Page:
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This story is rated «NC-17», and carries the warnings «Sex, polyamory, angst, politics, economics. Lots of economics! It's long - over 30,000 words.».
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The Prince of Ithilien (NC-17) Print

Written by Raihon

08 June 2007 | 33215 words

[ all pages ]

Chains of Silver

Faramir rode for Minas Tirith on a day that matched his mood: cool and cloudy. He and Éowyn had spent the previous day grimly, for it marked four years since the deaths of his father and her uncle. The rites of remembrance were easier for Faramir this year than they had been the previous three, when only his sense of duty had compelled him to perform them. The love he felt for his father was not erased by the bitter manner in which they parted, but it seemed as if he could not return to the happier memories of the past without first passing through what had happened at the end, and that was a journey he still could not force himself to take.

Yesterday, he had taken an initial step, though. In the past, he had uttered the words of the remembrance rite without thinking about their meaning or feeling what a son was supposed to feel when speaking such words of reverence. But yesterday, when he had said “I honor the memory of my beloved father,” he was able to touch at least a little of the truth behind those words. Every year, he had forced himself to light the candle, though this part of the rite was especially difficult for him. Yesterday was the first time he had been able to overcome his loathing of the flame and fulfill the ritual, watching the candle burn until it went out, and trying to recall only good memories of his father.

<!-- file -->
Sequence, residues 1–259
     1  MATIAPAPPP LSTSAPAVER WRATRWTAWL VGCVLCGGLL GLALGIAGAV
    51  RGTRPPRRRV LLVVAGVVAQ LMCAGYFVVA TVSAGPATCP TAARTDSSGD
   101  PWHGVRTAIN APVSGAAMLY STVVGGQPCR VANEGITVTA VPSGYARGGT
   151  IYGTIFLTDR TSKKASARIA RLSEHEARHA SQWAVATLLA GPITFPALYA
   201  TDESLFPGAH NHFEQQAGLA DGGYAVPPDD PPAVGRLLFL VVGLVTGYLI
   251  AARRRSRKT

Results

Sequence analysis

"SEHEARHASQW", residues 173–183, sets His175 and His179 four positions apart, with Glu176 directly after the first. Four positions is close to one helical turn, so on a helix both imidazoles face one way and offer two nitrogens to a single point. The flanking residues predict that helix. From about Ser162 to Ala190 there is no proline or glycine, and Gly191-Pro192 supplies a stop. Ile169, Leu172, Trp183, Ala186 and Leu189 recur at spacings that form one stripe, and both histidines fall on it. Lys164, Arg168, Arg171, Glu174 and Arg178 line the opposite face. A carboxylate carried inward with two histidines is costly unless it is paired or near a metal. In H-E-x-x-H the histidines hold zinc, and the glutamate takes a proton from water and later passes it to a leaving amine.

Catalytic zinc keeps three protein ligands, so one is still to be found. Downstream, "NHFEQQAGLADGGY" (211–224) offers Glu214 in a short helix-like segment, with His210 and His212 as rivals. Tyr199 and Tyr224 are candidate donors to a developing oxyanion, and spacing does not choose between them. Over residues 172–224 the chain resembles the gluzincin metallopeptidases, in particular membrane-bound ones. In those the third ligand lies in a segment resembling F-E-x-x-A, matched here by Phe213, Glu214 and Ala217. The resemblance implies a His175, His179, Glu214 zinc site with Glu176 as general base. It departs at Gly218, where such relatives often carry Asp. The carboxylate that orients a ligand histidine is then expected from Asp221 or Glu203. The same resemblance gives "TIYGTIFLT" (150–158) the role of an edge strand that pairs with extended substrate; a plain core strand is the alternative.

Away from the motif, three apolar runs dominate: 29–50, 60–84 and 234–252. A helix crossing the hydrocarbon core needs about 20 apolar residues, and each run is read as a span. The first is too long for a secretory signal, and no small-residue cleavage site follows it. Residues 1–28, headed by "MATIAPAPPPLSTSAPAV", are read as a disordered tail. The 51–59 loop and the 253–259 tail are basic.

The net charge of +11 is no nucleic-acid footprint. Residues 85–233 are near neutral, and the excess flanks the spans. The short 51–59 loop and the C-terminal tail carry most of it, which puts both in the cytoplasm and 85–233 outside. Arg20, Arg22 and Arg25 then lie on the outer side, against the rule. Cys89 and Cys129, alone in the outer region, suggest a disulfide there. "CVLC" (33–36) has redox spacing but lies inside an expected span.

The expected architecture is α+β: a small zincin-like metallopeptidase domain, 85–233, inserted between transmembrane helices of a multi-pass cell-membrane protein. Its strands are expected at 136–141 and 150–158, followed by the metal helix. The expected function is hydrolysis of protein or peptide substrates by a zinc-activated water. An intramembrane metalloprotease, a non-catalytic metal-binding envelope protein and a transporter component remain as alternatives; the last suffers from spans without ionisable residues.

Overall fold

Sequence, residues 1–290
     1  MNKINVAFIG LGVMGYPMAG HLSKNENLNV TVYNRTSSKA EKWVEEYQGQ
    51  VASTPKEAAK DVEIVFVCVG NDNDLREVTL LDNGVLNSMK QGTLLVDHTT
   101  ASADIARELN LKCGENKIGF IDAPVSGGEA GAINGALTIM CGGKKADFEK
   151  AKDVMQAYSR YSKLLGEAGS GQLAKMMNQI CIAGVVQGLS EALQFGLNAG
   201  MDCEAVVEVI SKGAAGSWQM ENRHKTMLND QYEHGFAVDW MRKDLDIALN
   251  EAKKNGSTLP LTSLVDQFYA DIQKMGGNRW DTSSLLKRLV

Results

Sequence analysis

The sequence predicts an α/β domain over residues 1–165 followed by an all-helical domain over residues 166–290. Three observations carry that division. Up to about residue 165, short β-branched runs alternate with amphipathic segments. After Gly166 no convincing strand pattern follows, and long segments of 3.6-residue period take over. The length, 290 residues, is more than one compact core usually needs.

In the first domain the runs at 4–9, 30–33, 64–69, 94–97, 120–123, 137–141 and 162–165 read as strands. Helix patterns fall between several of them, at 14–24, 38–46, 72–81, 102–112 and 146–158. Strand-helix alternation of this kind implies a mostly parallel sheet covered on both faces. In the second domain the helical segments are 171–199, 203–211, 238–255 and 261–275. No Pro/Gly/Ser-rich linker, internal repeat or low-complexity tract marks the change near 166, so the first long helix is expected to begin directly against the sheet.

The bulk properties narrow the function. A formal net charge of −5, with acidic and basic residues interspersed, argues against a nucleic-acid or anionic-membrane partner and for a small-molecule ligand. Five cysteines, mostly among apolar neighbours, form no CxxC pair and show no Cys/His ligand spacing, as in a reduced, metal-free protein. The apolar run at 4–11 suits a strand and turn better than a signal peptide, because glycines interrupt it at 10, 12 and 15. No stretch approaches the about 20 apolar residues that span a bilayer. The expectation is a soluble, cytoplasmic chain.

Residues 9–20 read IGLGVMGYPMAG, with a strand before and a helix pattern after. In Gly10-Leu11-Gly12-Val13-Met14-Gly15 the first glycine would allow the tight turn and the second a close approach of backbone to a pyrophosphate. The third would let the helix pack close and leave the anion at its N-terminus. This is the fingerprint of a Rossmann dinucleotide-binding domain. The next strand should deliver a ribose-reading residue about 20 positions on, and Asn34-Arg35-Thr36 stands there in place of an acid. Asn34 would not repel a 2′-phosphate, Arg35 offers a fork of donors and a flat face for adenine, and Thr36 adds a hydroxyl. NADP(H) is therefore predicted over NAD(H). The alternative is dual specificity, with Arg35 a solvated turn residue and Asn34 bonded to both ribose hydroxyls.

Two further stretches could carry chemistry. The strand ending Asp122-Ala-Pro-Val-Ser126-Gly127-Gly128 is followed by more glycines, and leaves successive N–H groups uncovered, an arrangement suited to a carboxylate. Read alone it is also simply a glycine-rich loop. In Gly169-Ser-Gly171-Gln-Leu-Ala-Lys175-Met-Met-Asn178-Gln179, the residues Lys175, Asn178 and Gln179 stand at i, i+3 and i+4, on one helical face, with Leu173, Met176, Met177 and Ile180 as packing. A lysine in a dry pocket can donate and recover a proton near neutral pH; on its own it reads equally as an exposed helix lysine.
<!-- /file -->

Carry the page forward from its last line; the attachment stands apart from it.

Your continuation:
It had been a struggle that had taken an emotional toll on him, and Faramir was still feeling a little raw, so that a melancholic nostalgia had begun to weigh him down as he neared the gate. The stables reminded him of other times when his joy at returning to the City was dampened by anxiety over an immanent confrontation with the ruler of the White Tower. He tried to put the thought out of his mind, as he always did when Aragorn recalled to him his father.

As he walked up the circle, his mood became more melancholy as the city reminded him of others he had lost. Here, on this stretch of street, he fell and scraped his knees as a very small boy. One of the few specific memories he had of his mother was of her scolding him for running ahead of her, before sweeping him up in her arms and hugging him while he cried. There, around that corner was the tavern where he and Boromir would go when they wanted to feel as if they were just ordinary soldiers. They would drink more than they should and flirt shamelessly with the barmaids. Faramir paused for a moment, considering stopping at the tavern, but decided that a drink would only make him more morose.